More Than Metal

Modern Machine Shop magazine doesn’t cover only the machining of metals. Here are some interesting tidbits about machining non-metallic materials from a few of my past stories.


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Although the title of my column this month reads like the name of a Motorhead song (R.I.P., Lemmy), it actually alludes to the fact that some Modern Machine Shop articles detail the machining of materials other than metals.

In fact, we ask about the types of metallic and non-metallic materials shops machine in our annual Top Shops benchmarking survey. (Consider participating in our next survey that goes live next month, which I’ll detail in my January One-Off column.) It turns out that a high number of shops machine non-metallic materials. Per this year’s survey, 87 percent of all surveyed shops report that they machine general plastics, and 41 percent of companies in the Top Shops benchmarking group machine medical-grade plastics.

There are often unique challenges in machining these types of materials compared to metals. Here are a few examples from stories I’ve written about shops machining non-metallics and some of what I discovered along the way:

  • PEEK—Polyetheretherketone is fun to say quickly once you get used to it. Its acronym is PEEK, and this plastic material is produced in both industrial and medical grades. The story “Under One Roof” (short.mmsonline.com/dew) describes Dew Technologies’ process for machining medical-grade PEEK. Because it is important to avoid material contamination, this shop dedicates the machine tool, fixturing and tools to machining only PEEK. It also insists that operators wear gloves when handling PEEK to keep oils off the part surface. The material is machined dry, using air blast for chip control, and its machinability is said to be similar to that of Delrin.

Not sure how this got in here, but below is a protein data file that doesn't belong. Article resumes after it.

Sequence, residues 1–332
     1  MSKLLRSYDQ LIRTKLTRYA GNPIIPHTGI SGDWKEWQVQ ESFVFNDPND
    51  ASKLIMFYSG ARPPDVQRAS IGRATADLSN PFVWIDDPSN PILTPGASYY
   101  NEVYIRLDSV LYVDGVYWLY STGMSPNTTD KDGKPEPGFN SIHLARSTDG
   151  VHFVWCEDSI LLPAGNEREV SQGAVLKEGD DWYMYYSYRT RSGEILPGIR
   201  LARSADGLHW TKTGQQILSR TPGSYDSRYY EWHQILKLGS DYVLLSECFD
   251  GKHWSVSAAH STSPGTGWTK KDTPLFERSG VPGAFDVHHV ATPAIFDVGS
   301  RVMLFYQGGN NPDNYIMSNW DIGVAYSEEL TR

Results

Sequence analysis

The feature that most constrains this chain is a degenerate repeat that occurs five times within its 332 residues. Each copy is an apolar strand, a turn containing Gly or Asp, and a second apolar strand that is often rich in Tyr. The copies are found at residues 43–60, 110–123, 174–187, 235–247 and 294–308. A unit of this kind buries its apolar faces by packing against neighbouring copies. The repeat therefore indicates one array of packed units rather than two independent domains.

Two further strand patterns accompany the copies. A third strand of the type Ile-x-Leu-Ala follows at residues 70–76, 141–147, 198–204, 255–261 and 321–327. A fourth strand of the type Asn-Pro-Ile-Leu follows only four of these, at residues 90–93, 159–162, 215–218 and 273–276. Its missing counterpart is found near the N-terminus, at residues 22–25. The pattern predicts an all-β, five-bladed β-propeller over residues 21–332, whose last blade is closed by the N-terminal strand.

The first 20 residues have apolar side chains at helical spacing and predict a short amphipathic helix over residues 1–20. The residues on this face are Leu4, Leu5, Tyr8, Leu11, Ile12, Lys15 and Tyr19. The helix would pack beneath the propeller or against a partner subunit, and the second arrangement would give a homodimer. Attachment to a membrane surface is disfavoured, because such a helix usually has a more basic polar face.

• Glass-filled plastics—In some cases, materials such as glass in fiber or mat form are added to plastics to improve insulating properties, dimensional stability and mechanical strength. However, this can lead to difficulty machining them. In “The Challenges of Machining Glass-Filled Plastics” (short.mmsonline.com/glass), K&E Plastics explains that the best cutters for glass-filled plastics have positive rake angles and very sharp cutting edges to cleanly cut glass filler while not burning the resin. Plus, tool coatings such as polycrystalline diamond (PCD) extend tool life in machining of abrasive glass filler. Because machining this material creates tiny chips and a good deal of dust, all the shop’s machines are connected to a central cartridge-style dust collection system to minimize dust build up on machine components and maintain a clean facility.

  • CFRP—Carbon-fiber-reinforced plastics are being used more these days, especially for aerospace applications. “Setting the Stage for Sizable Composites Work” (short.mmsonline.com/royal) describes situations when Royal Engineered Composites will use either waterjet or conventional milling operations for CFRP. One advantage of waterjet is that its abrasive garnet media serve as the high-pressure stream’s “cutting edges.” Because fresh media is continually introduced into the stream, the stream’s cutting edges are always sharp, minimizing the chance for delamination or leaving behind burred edges.

    When milling is the only viable process, the shop uses balanced, HSK shrink-fit toolholders to minimize tool runout and prevent cutters (primarily diamond-coated tools) from wearing non-uniformly. Because most of its composite workpieces are relatively thin, it will also routinely alter the depth that a tool reaches through a workpiece to get the most out of a tool’s total available flute length.

  • Wood—One of my favorite shops I’ve visited was Thorn Custom Guitar (you might not find that surprising given my Motorhead reference earlier). In “CNC Machining Fuels Guitar Innovations” (short.mmsonline.com/thorn), Ron Thorn explains how he prefers a “metalworking VMC” to a conventional router to machine contoured wood guitar bodies and related components, liking that a VMC offers automatic tool-changing capability and an enclosed machining environment to contain sawdust. The tools he uses have a down-cut geometry, in which the flutes spiral down into the workpiece. If an up-cut flute geometry were used, then the action that brings chips up and out of a workpiece would also cause the wood to fray at its top edge.
    He also uses an atypical workholding method to secure thin fretboards and inlay material for machining: double-sided industrial tape. The 0.007-inch-thick tape creates a very strong bond between flat workpieces and a tooling plate. In fact, the bond is so strong that acetone must be used to free workpieces from the tooling plate.

These are just a few examples of articles we’ve written detailing the machining of non-metallic materials. You can find others by searching our newly redesigned website at mmsonline.com. If your shop happens to machine some tricky non-metallic materials, let me know. Perhaps we can similarly highlight your successes in Modern Machine Shop.